Scottish Labour MP Ian Davidson called it “News-Nat” throughout an interview with presenter Isabel Fraser on Tuesday night.
And former Glasgow Lord Provost Michael Kelly, a Labour activist, added fuel to the fire with a provocative article in The Scotsman yesterday as reported by The Drum.
BBC launched its defence in a letter published in The Scotsman today from Ian Small, its head of public policy and corporate affairs.
Small declared: “Michael Kelly is entitled to his opinions about BBC journalists, however ill-informed and unfair those opinions may be, but we completely ¬reject suggestions of bias on the part of our journalists working on Newsnight Scotland or, indeed, on any other of our programmes.
“When Mr Kelly says Isabel Fraser ‘has form’ it is as one of the BBC’s most highly respected and valued journalists.
“Ms Fraser did what BBC journalists do week in, week out when she robustly, but fairly, challenged the views of Ian Davidson MP on Tuesday evening’s show.
“It may be uncomfortable for some when we ask the questions that our audiences want asked – but that is what we will continue to do and will do so as professionally as Isabel Fraser did on Tuesday.
“To suggest that by asking these questions she holds or promotes a particular opinion is, quite fundamentally, to misunderstand political interviewing.
“Audiences expect fair and impartial journalism from the BBC and they expect those who hold power to have their arguments robustly challenged.
“That is what we will continue to do on their behalf.”
However, in another new development to the story today, The Herald’s political editor, Magnus Gardham, claims the row escalated ...”after it emerged an apparently neutral constitutional lawyer interviewed by the programme was an SNP blogger”.
Gardham reports that Davidson, who refused Fraser’s on-air demand for a public apology, has stepped up his attack when it emerged an expert who contradicted him over the legality of Alex Salmond's referendum plans was a self-proclaimed SNP supporter.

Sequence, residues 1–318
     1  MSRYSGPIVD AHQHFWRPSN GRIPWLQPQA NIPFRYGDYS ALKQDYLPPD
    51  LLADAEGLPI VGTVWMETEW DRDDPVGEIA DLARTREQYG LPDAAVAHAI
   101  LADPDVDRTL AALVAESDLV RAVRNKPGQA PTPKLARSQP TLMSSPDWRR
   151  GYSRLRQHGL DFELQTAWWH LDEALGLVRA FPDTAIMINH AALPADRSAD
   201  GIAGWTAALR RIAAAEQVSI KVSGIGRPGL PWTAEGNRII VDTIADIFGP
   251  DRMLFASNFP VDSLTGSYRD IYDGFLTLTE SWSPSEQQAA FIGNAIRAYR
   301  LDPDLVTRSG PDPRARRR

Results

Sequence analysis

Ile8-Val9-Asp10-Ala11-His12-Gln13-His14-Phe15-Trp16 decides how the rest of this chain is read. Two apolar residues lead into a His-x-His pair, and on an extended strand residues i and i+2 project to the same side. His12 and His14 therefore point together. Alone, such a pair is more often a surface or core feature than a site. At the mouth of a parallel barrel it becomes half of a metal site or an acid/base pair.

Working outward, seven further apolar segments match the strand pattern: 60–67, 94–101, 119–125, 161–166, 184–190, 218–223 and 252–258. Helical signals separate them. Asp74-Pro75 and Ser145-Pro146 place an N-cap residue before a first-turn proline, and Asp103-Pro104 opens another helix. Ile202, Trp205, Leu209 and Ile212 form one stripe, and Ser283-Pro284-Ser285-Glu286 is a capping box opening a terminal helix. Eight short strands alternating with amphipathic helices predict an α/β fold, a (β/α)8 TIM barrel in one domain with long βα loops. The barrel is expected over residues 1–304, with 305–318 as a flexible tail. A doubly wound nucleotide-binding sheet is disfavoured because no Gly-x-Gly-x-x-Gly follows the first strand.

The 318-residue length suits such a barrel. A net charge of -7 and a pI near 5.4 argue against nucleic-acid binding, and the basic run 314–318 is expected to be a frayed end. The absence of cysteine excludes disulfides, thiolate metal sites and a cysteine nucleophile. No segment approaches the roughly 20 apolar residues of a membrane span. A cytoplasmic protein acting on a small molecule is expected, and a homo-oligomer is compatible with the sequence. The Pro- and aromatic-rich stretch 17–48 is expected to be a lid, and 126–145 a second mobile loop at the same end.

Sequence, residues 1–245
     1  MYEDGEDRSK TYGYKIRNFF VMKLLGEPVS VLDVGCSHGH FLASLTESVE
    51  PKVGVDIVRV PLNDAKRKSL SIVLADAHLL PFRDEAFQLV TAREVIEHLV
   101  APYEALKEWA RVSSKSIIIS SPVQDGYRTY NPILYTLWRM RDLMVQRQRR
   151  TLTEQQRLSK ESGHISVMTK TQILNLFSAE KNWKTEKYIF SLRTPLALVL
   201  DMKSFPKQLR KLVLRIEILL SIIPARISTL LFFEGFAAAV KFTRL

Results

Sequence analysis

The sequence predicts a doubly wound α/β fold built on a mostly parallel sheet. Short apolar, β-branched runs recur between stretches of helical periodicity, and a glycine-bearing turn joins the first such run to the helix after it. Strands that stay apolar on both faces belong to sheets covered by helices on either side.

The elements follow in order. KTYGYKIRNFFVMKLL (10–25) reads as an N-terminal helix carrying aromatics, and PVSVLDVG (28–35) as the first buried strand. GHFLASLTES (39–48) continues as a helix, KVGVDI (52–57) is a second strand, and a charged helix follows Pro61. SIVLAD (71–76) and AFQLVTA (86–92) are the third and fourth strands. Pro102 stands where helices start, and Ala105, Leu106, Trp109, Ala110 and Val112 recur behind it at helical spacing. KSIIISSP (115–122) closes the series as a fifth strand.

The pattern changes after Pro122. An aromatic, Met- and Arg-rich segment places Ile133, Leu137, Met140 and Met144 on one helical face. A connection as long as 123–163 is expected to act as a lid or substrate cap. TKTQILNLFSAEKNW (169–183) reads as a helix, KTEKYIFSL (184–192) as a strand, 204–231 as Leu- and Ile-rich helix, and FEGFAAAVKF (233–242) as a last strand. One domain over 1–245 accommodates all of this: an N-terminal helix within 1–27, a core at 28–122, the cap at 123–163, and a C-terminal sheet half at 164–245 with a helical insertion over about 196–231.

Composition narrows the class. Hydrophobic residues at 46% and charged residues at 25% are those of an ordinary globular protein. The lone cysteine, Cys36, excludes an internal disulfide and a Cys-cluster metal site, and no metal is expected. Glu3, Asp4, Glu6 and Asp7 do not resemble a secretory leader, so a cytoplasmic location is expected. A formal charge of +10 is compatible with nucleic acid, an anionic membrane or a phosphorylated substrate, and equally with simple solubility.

Gardham explains: “However, Andrew Tickell was introduced simply as an Oxford University lawyer without mention of his role as a high-profile Nationalist blogger, who writes online under the pseudonym ‘Lallands Peat Worrier’.
“During his interview, he rubbished a report from Westminster's Scottish Affairs Committee – chaired by Mr Davidson – which concluded that Holyrood probably does not have the legal powers to hold an independence referendum.
The Herald reports Davidson is now calling for an apology from BBC Scotland, and quotes him as saying: "It's outrageous the BBC should act in this way, presenting an SNP activist and blogger as an impartial academic.
"The issue for me is whether Isabel Fraser knew his background. If not, she was incompetent. If so, this was a conspiracy.
"I was clearly being set up by someone for an ambush. Either way I deserve an apology for the way this programme was conducted."
The Herald quotes a BBC Scotland spokeswoman as saying: "We often have contributors on Newsnight Scotland to talk about their area of expertise and add to the debate.
"In Andrew Tickell's case, this is constitutional law."
The BBC responded to Kelly's comment with a statement issued yesterday to The Drum that read; “We absolutely refute any suggestions of bias as Isabel Fraser clearly pointed out on the programme.”